I'm sorry, but I'm sick of hearing the endless, pointless banter of complaints from liberals. The FACT is, we ARE in a WAR. Yet, we still don't drop the subject, THIS IS THE WRONG WAR. It's too LATE to go back, we have already DECIDED to go to war, now DROP it and SUPPORT your country.

It's so messed up, you people claim that you support the troops and want to get through this war, sooo where's the support? You want to succeed in this war right? Well it seems to me that you people are more interested in shaming Bush instead of focusing on what is important, the WAR. We don't need people like Ted Kennedy coming on television and totally tear Bush apart and criticize what happened in the past, he should finding a way to improve our situation NOW, to UNITE people. But what is happening? Have you been listening at all to what is going on in the Senate? Hell, well it's the liberals doing a mess. Last I heard, they were philibustering(sp) their asses off, delaying and stopping the movement of legislation. They get freaking pay raises for accomplishing NOTHING. Now, don't get me wrong, a bunch of stupid ass republicans are in there doing ****. What I don't understand is that we are AMERICA, and we want to GIVE UP? We don't have the power to get through this war? Are you guys serious? We can't beat these people? Of course we can! We are what? #1 in just about everything, and we are beginning to think we can't do anything? Have you heard any good news coming out of Iraq? No? I haven't, you know why? Because everyone is focused on BUSH, Bush this, Bush that, enough ffs.


Pardon me for being thick, but just what is this 'war' supposed to be about in the the first place? Oil or Democracy? If you are plannig to sign up to force democracy on Islam, boy have I got news for you.

King Fahd of Saudi Arabia, a Muslim, has said: “The Democratic system that is predominant in the world is not a suitable system for the peoples of our region.” It is important to determine why Fahd believes this to be so; and if the Islam to which he adheres is the Qur’anic (unavoidable) Islam, then how do Islam and democracy co-exist in a pluralistic society. Can Islam be tolerant? Democracy requires reasonable tolerance and toleration.
The Qur’an teaches about itself that it is God’s direct and verbal word, that it is eternal and came down from what is preserved in heaven (Sura 85:22) as the “Mother of the Book” (Sura 3:7; 13:39; 43:4). Although the Qur’an considers the Old and New Testaments as God’s word (Sura 3:93; 4:163; 5:46 etc.), it considers its own authority as greater than theirs (Sura 5:48). Even the Arabic language of the Qur’an is considered an integral part of Allah’s word (Sura 20:113; 12:2), therefore, Muslims consider the Islamic culture as of heavenly origin.

So, Islam is a political, cultural and religious system. Religion, as based primarily on the Qur’an, is a part of the system, which informs all the other aspects of the Islamic system. Religious doctrine, however, is viewed in Islam as a preamble to Islamic law, the Shariah (divine law), which is a comprehensive code governing every aspect of life, because Islam is a religion primarily oriented toward law rather than theology.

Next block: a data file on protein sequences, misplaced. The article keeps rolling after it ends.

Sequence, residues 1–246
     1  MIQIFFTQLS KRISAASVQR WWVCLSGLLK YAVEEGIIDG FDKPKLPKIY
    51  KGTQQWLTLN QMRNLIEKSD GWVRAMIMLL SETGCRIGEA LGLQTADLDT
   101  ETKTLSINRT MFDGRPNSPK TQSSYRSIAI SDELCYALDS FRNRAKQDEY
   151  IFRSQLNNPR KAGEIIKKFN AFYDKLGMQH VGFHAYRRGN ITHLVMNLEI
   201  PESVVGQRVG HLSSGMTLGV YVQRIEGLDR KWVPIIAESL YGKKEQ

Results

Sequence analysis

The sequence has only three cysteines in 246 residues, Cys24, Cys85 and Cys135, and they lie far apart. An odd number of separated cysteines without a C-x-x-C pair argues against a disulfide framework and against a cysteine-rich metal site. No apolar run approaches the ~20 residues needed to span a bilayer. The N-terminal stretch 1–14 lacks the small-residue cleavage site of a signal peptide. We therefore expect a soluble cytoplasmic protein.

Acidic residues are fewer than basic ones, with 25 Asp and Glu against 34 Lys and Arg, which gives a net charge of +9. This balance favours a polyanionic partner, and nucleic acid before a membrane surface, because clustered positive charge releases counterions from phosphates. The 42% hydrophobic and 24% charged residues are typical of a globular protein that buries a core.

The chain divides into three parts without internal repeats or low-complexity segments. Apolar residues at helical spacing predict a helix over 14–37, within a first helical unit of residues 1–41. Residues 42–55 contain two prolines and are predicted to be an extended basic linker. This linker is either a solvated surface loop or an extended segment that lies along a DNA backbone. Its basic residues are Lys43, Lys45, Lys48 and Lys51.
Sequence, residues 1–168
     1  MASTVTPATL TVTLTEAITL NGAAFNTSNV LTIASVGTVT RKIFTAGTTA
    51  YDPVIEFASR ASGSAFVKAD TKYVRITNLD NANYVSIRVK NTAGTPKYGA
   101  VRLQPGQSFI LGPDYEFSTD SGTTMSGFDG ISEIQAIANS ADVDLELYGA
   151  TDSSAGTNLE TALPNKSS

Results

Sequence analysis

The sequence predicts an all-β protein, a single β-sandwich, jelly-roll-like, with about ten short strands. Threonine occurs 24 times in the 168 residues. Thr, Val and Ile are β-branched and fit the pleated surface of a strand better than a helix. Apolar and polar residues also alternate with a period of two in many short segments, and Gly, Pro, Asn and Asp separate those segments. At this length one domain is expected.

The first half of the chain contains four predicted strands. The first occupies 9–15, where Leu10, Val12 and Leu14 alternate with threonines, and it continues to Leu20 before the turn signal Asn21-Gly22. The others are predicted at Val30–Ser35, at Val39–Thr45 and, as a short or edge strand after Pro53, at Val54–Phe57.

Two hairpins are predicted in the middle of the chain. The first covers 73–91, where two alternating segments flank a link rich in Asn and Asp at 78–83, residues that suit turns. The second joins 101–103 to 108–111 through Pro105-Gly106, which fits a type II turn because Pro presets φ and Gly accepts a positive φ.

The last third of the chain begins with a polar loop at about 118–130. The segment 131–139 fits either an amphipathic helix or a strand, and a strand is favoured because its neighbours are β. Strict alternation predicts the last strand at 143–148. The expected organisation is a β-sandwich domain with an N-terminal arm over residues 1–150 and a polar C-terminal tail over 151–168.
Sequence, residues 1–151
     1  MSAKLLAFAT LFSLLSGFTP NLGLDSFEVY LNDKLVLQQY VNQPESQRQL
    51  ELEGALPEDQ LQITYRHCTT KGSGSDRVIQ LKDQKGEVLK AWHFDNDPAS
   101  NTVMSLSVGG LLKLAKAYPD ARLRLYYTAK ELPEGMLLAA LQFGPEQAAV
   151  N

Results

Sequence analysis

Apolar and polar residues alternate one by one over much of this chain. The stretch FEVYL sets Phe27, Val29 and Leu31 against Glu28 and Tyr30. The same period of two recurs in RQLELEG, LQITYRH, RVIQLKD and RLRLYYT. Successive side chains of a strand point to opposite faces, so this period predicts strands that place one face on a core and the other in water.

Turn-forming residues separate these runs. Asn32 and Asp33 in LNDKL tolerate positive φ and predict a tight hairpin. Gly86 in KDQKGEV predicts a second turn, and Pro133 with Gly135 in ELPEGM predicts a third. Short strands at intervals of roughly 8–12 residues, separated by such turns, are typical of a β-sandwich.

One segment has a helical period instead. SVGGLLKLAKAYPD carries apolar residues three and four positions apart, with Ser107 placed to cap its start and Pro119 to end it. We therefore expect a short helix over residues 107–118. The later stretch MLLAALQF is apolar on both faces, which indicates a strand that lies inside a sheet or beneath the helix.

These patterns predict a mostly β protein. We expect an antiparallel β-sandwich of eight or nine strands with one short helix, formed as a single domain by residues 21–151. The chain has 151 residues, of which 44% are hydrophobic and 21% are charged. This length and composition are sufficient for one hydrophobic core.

To a Muslim there is no democracy, and only one legitimate law - 'Allah's Law' - Shariah Law!

We christians, here in America believe in the Word of God, we believe that we should be regulated by God's Will, and we still have a nice democracy running. Democracy can come in different forms, if they want just one religion... great, do that. But whose to say that Iraq can't live under democracy and have basic human rights that were basically stripped from them?

Our country did absolutely fine with democracy, even with most of the people as christians. What did we go to war for you ask? I don't know, hmmm... to get rid of a mad, murderous dictator, free the Iraqi people, gain a new ally that won't be a threat to us in the future, got rid of any great potential of terrorism in that region, set an example to other countries to that their people have a fighting chance to become free too, starting a system (democracy or not) that is more peaceful and will push more for world peace, a country that will not focus on military power and become a threat, a nation that will help us in the future, and the list goes on.

Tell me, what is the good of having Saddam in power? A man that supports terrorism, who aids terrorism, who had ties with many terrorists groups, a man that did not cooperate with the UN for 12 years, a man that murder hundreds of thousands of people, a person that has strived for WMDs, a man who preached about how Americans should all die, a person who believed all infidels deserved death, a man that had ties with Osama bin Laden, a man that pushed away inspectors in 1998 after agreeing to having them in, a man that promised to be more peaceful and then turn his back on us, a man who bombed the Kurds, and was in charge of a country and ruled it with an iron fist.

....

So, what was the good in all this? Maybe we could have prevented another idiot to become a huge world power and becoming a possible threat to everyone around him? I don't know, according to your logic, we should just leave him alone... uh huh. I wonder what's a good reason to leave this man in power, and how it will benefit anyone, and how this would improve any form of peace and cooperation. What do you propose? Isn't it obvious the good behind all this? Go ahead, explain to me why Saddam left in power is in any form GOOD. If you can't tell me why, then